Every week, I hope to bring you a quick Q&A with someone who covers the Ravens' opponent that week. This week, I chatted with Jerry McDonald, who covers the 49ers and Raiders for The Bay Area Newspaper Group.

MV: How was the midseason quarterback change received at first in the 49ers locker room, and now what are teammates saying about Colin Kaepernick now that he's running and throwing all over defenses?


JM: Skepticism was limited because Alex Smith missed his first game with a concussion and it was immediately evident that Kaepernick added a spark that turned a plodding offense into an explosive one. Kaepernick's physicality, work ethic and reluctance to play the star impressed his teammates. Smith played his role by not making waves. If Smith was accepting it, then his teammates would accept it as well.

MV: Speaking of quarterbacks, are the 49ers confident they can beat the Ravens offensive line and rattle Joe Flacco, who with eight touchdown passes and no interceptions is having an excellent postseason?

JM: The 49ers are giving Flacco his due, particularly as a deep passer. But even with the zero interceptions, they are a team that prides itself on getting turnovers, often the result of pressure on the quarterback. There are two potential problems for the 49ers. Defensive end Justin Smith is playing with a torn triceps and is not 100 percent. Neither is pass-rushing linebacker Aldon Smith, who appeared to wear down late in the season and has a shoulder injury.

MV: The 49ers showed incredible focus and resolve in rallying from 17 points down to beat the Atlanta Falcons in the NFC championship game, but should anything from that game give them concern Sunday?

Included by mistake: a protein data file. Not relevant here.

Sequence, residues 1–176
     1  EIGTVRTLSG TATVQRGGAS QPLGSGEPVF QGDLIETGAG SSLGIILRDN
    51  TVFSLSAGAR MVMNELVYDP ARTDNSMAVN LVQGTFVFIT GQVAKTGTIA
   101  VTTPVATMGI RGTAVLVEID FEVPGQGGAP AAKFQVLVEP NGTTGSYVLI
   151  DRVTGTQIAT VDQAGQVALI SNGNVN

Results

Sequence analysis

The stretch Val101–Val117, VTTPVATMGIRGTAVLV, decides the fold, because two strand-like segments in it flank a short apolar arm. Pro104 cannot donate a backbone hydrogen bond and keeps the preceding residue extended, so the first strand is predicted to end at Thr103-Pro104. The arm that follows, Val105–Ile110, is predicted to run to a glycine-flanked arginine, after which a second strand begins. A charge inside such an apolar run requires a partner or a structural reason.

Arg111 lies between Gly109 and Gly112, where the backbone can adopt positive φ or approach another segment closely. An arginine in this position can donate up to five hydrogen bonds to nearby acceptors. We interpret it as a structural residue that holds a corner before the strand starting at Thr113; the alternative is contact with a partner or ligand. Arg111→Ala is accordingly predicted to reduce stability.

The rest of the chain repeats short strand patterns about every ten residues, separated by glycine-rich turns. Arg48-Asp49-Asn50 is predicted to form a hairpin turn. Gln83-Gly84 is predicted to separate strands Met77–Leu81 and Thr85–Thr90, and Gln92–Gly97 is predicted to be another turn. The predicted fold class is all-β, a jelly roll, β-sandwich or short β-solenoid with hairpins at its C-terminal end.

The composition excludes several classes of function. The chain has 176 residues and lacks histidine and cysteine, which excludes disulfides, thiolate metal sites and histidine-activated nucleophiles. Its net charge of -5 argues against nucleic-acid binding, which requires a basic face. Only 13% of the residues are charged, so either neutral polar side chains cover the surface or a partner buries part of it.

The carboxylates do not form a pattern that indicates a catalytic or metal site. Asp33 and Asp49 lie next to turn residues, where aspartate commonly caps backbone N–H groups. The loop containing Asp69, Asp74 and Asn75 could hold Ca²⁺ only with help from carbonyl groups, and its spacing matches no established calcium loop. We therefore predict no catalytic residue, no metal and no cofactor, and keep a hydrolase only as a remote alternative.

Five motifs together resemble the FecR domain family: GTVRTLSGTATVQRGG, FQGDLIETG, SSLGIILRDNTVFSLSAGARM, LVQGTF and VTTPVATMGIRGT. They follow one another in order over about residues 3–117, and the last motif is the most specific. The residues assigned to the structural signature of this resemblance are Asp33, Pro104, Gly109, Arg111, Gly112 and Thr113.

JM: The biggest concern would be if Flacco gets ample time to throw and gets hot, as Matt Ryan did in the first half of the NFC championship game. It's worth remembering that Ryan torched the 49ers in the first half, and in a scoreless second half, had Atlanta within the red zone before NaVorro Bowman batted down a pass on fourth down.

MV: The Ravens D has been better than the regular-season numbers indicate, and they flustered Andrew Luck, Peyton Manning and Tom Brady. The 49ers have a strong-armed QB, too, and a bunch of talented players at the skill positions. How do you think they will attack the Ravens on Sunday?

JM: The 49ers will go heavy with their pistol (running back behind the quarterback) and spread (running back offset) formations because teams have yet to figure it out. Green Bay couldn't deal with the Kaepernick keeper, and Atlanta, fearing Kaepernick, let Frank Gore pound them for key runs inside. The pistol, in particular, has given the 49ers a play-action attack as well.

MV: We often worry here about how the Ravens will fare in particular areas and matchups. What should the 49ers worry about when it comes to a Ravens team that just knocked off the AFC's top two seeds?

JM: San Francisco cornerbacks have been prone to giving up yardage in chunks on occasion, and gave up their share of yardage and points against both Green Bay and Atlanta, although the Packers game was under control in terms of the score. If Justin Smith and Aldon Smith can't generate a natural pass rush, the 49ers can be had deep. If they resort to pressure tactics, Ray Rice becomes a dangerous weapon out of the backfield, as does tight end Dennis Pitta in zone situations.

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